Reading fiction, raising kids

From the day Wally was born until early-October I didn’t read a single page of a book. Between the move to Ann Arbor and adjusting to life as a family of four I didn’t have much time, and even when I did have a chance to sit down and read I found I was too scatterbrained to concentrate on the page.

But then one of my favorite authors, Haruki Murakami, came out with a new novel called 1Q84 and I asked my editor at The Christian Science Monitor if I could review it for her. My mammoth review copy arrived in the mail a week later, and each night for the next four weeks after the boys were asleep I settled down on the couch to read.

It was a little disorienting switching between life taking care of Jay and Wally and the richly atmospheric world of 1Q84.   As I read the book I became interested in how the emotions and ideas that the book prompted affected the way I thought about Caroline, Jay, Wally, and our lives together.  I wrote an essay about the exchange between my real life and the life of the novel which was published on The Millions today:

I started 1Q84 at 9pm at the end of a long day that had featured a 103 degree fever (my youngest son Wally, age 4 months) and several bathroom accidents (his older brother Jay, age 2 years). As I slumped on the couch with a cup of peppermint tea and my large yellow review copy of 1Q84, I found myself grasping to justify why, outside of the assignment I’d been given, it made sense to spend my only free time of the day reading fiction.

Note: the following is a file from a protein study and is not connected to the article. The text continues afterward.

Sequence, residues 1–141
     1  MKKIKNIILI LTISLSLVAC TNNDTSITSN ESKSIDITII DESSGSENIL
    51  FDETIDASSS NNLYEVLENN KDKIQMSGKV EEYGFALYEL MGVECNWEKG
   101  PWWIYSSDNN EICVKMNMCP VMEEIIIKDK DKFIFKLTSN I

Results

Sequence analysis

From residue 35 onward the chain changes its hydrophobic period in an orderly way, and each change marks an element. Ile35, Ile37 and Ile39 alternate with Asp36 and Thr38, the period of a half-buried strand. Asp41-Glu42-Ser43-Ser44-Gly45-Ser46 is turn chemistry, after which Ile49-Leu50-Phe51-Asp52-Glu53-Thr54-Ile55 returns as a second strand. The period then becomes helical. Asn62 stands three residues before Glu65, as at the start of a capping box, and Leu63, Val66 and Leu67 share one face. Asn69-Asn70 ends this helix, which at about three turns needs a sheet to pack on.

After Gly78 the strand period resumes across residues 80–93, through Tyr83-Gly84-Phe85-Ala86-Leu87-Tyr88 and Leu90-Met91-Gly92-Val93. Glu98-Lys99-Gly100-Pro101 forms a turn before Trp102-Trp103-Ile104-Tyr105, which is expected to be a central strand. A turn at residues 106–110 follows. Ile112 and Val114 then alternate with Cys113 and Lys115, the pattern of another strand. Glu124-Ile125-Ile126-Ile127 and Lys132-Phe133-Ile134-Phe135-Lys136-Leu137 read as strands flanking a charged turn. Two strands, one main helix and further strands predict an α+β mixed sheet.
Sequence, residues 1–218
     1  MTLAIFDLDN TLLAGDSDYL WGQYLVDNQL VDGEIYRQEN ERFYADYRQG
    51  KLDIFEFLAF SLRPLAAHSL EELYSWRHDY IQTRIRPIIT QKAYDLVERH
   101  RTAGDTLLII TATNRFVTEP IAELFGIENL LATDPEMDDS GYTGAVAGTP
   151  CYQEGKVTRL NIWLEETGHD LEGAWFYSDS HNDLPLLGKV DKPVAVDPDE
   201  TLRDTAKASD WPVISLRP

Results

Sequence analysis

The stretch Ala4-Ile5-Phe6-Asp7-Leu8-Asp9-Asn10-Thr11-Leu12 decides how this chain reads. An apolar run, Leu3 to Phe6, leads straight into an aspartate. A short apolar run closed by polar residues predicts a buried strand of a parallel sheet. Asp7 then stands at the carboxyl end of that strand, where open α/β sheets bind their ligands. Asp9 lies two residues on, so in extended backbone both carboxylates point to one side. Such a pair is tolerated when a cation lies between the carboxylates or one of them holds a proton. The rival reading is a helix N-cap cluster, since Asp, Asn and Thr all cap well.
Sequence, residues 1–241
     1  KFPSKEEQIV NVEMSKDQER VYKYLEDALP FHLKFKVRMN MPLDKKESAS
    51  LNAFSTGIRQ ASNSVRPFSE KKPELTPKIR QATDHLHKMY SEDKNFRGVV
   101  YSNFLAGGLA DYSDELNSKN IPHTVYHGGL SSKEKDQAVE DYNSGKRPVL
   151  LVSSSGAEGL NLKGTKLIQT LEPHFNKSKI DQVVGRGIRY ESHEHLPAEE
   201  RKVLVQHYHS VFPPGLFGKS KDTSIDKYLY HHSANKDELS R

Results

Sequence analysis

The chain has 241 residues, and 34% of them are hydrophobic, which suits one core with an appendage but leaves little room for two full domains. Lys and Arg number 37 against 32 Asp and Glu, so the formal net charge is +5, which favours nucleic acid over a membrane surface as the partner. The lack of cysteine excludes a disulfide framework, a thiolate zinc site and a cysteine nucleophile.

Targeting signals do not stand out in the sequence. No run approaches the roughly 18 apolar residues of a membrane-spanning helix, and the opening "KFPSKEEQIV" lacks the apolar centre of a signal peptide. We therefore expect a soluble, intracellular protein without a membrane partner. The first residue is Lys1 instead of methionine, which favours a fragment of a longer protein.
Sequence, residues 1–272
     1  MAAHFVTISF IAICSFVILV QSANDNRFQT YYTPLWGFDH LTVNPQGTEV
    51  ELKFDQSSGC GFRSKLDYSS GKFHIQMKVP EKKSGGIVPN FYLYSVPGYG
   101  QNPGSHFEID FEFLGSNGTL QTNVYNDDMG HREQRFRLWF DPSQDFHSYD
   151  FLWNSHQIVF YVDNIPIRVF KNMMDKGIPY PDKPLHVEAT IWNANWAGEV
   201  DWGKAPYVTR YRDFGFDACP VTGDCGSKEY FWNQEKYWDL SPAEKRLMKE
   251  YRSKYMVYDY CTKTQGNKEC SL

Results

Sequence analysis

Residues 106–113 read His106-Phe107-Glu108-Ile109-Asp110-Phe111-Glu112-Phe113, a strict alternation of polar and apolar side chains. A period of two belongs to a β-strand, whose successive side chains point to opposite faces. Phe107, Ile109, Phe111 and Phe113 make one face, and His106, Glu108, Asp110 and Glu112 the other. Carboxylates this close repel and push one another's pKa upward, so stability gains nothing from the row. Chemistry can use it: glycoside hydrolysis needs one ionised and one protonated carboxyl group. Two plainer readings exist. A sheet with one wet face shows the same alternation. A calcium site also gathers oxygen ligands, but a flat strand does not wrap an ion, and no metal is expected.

But I did read the book, that night and every night after for a month, and I found that as I read 1Q84and got deeper into Tengo’s and Aomame’s stories, I stopped questioning the purpose of fiction and instead began to see reading 1Q84 as one of the few necessary things I did all day. The reasons for the change of heart had to do with wonder, with love, and with the way literature provides for the best parts of who we are.

1Q84 is long (nearly 1,000 pages) and wildly imaginative, but at heart it’s a simple love story. Tengo and Aomame, both 30 years old, shared a singular, intense moment as children, disappeared from each other’s lives, and have been trying to recapture that kind of intimacy ever since. As 1Q84 opens they fall into an alternate world which is sinister and illogical, but which gives them the chance to find each other again.

You can read the rest of the essay here

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